“In many academic fields, the number of papers published each year has increased significantly over time. Policy measures aim to increase the quantity of scientists, research funding, and scientific output, which is measured by the number of papers produced. These quantitative metrics determine the career trajectories of scholars and evaluations of academic departments, institutions, and nations. Whether and how these increases in the numbers of scientists and papers translate into advances in knowledge is unclear, however. Here, we first lay out a theoretical argument for why too many papers published each year in a field can lead to stagnation rather than advance. The deluge of new papers may deprive reviewers and readers the cognitive slack required to fully recognize and understand novel ideas. Competition among many new ideas may prevent the gradual accumulation of focused attention on a promising new idea. Then, we show data supporting the predictions of this theory. When the number of papers published per year in a scientific field grows large, citations flow disproportionately to already well-cited papers; the list of most-cited papers ossifies; new papers are unlikely to ever become highly cited, and when they do, it is not through a gradual, cumulative process of attention gathering; and newly published papers become unlikely to disrupt existing work. These findings suggest that the progress of large scientific fields may be slowed, trapped in existing canon. Policy measures shifting how scientific work is produced, disseminated, consumed, and rewarded may be called for to push fields into new, more fertile areas of study.Johan S. G. Chu and James A. Evans, “Slowed canonical progress in large fields of science.” Proceedings of the National Academy of Sciences. Oct 2021, 118 (41) e2021636118; DOI: 10.1073/pnas.2021636118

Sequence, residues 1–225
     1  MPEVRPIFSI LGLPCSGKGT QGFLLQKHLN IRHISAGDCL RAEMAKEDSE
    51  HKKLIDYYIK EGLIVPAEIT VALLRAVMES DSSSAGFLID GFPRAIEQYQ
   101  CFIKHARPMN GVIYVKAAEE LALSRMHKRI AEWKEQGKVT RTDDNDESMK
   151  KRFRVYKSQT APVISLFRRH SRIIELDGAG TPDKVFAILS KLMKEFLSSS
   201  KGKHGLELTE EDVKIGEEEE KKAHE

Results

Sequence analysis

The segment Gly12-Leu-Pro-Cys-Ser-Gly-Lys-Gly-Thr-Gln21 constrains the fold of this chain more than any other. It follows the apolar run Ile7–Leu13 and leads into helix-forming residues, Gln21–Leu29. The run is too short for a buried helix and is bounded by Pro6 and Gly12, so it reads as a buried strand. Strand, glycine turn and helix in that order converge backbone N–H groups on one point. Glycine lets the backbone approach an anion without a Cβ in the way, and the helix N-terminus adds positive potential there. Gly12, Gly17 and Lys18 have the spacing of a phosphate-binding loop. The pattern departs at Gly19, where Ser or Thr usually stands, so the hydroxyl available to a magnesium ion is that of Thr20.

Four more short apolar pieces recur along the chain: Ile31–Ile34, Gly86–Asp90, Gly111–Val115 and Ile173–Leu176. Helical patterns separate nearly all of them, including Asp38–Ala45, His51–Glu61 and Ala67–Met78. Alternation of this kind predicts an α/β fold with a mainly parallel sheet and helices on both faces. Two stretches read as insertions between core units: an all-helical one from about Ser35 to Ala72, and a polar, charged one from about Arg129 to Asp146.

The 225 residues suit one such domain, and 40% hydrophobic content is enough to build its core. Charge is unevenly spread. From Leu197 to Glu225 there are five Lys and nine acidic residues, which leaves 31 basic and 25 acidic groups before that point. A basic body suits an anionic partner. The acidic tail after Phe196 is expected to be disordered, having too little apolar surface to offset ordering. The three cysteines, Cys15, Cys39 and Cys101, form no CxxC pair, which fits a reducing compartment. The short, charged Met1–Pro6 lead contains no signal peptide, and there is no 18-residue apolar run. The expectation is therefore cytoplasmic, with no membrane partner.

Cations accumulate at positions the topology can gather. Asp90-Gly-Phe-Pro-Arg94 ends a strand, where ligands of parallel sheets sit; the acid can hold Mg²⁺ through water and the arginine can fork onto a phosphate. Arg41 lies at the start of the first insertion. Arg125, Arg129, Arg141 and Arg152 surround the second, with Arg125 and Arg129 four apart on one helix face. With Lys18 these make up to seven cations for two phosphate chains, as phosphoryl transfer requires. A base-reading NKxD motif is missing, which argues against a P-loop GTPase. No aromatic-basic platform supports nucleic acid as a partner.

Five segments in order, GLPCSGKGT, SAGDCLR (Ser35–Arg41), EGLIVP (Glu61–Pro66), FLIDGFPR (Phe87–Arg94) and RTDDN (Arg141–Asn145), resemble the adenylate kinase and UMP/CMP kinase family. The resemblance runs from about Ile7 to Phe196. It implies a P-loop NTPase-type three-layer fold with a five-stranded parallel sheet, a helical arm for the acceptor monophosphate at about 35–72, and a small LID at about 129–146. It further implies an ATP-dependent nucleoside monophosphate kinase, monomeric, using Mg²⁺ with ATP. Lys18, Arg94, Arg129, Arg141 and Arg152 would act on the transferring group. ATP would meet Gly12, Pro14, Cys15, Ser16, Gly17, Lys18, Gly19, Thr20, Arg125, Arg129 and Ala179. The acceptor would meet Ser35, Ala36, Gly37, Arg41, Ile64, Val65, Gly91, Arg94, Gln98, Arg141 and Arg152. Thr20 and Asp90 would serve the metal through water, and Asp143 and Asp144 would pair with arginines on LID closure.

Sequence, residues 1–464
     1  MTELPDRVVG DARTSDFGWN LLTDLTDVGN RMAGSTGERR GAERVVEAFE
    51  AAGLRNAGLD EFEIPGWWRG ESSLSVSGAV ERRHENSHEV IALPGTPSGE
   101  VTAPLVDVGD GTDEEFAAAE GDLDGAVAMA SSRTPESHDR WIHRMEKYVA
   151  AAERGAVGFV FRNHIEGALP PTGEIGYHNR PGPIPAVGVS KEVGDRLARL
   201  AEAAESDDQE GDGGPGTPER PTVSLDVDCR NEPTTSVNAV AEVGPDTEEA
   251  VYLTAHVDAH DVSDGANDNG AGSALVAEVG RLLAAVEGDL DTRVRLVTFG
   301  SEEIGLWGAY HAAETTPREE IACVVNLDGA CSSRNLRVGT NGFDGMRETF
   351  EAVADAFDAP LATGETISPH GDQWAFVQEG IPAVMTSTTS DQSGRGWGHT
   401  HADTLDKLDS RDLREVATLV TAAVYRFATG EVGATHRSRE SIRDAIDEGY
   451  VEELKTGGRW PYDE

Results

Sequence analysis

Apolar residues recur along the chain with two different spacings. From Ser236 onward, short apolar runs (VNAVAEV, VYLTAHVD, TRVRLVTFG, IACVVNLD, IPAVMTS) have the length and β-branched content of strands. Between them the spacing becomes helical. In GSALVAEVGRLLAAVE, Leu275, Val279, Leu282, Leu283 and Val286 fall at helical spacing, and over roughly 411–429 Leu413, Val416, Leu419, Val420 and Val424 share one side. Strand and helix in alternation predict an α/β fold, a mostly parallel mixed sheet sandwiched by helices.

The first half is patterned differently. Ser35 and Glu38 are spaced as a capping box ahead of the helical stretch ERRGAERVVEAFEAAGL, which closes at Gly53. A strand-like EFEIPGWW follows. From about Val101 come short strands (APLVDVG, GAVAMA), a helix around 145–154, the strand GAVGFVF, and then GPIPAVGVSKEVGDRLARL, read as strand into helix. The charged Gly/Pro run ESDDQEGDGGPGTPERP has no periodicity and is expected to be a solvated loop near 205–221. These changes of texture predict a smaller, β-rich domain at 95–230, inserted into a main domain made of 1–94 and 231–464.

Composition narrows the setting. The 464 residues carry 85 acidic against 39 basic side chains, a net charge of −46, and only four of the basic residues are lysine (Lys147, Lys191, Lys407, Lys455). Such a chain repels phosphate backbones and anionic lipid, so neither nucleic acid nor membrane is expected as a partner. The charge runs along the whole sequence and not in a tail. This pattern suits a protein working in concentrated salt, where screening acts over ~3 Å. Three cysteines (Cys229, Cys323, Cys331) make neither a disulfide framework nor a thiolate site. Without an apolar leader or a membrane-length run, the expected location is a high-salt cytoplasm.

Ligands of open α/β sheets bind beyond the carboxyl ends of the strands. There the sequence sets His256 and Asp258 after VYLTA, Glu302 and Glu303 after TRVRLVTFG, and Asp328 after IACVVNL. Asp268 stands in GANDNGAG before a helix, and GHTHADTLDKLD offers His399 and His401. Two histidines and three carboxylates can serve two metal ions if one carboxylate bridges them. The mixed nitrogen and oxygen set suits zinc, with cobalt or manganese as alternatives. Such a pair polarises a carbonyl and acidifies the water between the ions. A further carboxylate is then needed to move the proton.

Too much information leads to the inability to determine what is important and what is not important. This slows the rate of change and supports the status quo.
Next time someone tells you that the Internet is a liberating force providing people with more information than they have ever had before, you can point to Sturgeon’s Law. If 90% of everything is crap, increasing your volume, indiscriminately, leads to a clogged filter — less knowledge and wisdom, not more, on a volume basis. It is only a benefit when we can filter the 10% from the 90% efficiently, which is a skill few, if any, of us have and probably implies lower volume or some sort of pre-filter.